New Baden, IL- Illinois State Police said two people died early Wednesday morning when a tractor-trailer slammed into a concrete pillar on Interstate 64 east of New Baden.

The accident took place just before 6 a.m. and killed both the driver, a 27 year-old man and his passenger, a 54 year-old man, who was in the sleeping berth at the time of the accident. Both were working for a Florida company hauling cable.

Although the investigation is still underway, police said the driver could have fallen asleep at the wheel, based on eyewitness accounts. Witness told police the driver was making erratic moves prior to the crash and swerved from one side of the roadway to the other, according to the St. Louis Dispatch.

“The semi driver was weaving all over the roadway, drove off the roadway, hit a bridge and rolled over,” said Trooper Calvin Dye of the Illinois State Police. “The passenger was ejected from the sleeper berth and trapped under the semi.”

Fatigue is a common cause of truck accidents since truckers often work long shifts during all hours of the day.

A fatigued truck driver may be unable to gauge their tiredness, and underestimate their ability to drive safely. It is easy for any fatigued driver whether they are behind the wheel of a commercial truck or a passenger vehicle to nod off and lose control of their vehicle, especially if they are traveling at a high rate of speed.

The issue of fatigued driving has long plagued the trucking industry and compelled the federal government to regulate the number of hours it is safe for a trucker to be on the road. Under regulations passed last summer, a truck driver is not allowed to driver for more than 11 hours at a time and they are required to take a 10 hour break in between driving shifts. A truck driver is only allowed to work 60 to 77 hours in a seven-day period or 70 to 88 hours in an eight-day period. If a driver takes two and a half days off, they can start their working week with zero hours.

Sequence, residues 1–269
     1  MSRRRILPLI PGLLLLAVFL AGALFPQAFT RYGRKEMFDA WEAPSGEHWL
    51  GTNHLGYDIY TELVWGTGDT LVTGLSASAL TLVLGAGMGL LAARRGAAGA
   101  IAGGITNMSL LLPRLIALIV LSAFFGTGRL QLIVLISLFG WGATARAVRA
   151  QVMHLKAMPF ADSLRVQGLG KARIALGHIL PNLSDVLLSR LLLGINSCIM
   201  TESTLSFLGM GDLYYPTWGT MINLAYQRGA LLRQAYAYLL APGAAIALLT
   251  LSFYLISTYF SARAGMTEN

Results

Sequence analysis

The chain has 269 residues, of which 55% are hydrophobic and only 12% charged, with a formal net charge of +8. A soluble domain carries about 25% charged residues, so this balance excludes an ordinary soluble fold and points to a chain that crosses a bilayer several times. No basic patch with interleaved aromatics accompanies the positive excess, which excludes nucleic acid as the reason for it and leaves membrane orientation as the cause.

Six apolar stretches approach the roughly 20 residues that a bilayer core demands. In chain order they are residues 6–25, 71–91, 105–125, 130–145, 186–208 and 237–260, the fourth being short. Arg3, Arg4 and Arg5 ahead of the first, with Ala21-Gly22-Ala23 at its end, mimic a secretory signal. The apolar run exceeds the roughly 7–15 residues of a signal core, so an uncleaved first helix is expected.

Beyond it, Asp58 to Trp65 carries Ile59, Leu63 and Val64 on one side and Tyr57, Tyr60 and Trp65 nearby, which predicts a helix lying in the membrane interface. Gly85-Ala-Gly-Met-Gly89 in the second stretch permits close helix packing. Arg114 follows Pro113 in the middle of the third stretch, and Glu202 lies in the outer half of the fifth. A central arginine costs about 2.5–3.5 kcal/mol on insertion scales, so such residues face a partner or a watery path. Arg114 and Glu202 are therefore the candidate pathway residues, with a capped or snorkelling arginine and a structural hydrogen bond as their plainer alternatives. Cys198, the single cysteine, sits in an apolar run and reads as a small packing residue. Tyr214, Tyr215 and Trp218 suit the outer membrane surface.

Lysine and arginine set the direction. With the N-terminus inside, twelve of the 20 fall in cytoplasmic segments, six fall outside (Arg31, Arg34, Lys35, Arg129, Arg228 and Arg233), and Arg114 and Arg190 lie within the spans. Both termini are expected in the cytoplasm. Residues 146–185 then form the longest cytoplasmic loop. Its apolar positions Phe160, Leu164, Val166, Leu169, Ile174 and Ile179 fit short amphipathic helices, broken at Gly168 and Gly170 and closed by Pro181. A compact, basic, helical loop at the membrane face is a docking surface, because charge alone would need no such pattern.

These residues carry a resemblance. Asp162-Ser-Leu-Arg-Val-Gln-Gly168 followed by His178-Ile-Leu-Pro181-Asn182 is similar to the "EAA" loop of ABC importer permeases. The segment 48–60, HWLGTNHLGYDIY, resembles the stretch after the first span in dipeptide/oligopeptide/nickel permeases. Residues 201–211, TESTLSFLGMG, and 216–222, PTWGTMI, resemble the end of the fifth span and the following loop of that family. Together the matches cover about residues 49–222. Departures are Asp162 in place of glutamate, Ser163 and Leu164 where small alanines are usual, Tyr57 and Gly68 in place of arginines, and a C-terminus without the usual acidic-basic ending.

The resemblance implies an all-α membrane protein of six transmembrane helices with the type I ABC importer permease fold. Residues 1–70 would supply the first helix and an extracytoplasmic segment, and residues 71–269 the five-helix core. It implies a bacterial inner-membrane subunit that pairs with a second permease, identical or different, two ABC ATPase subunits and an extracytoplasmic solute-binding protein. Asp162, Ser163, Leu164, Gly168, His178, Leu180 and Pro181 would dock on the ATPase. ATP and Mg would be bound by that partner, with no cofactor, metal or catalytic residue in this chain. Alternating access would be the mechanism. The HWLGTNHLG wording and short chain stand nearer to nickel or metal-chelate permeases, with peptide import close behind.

Violating the hours-of-service rules can cause a serious truck accident but some drivers and trucking companies refuse to adhere to the hours-of-service regulations. If an accident does result from a violation of hours-of-service rules, both the driver and their trucking company can be held responsible for the injuries or deaths that occur as a result.

Truck drivers are required to keep a driver’s log, but in many cases these logs are inaccurate and can be easily falsified so these logs are not necessarily a true indication of how many hours a driver has been on the road. If a fatigued truck driver has been faulted for an accident because of fatigue, a truck accident attorney like Bernard Hoppenfeld, who knows who to conduct a thorough investigation, can help an injury victim of surviving family member seek compensation for their pain and suffering.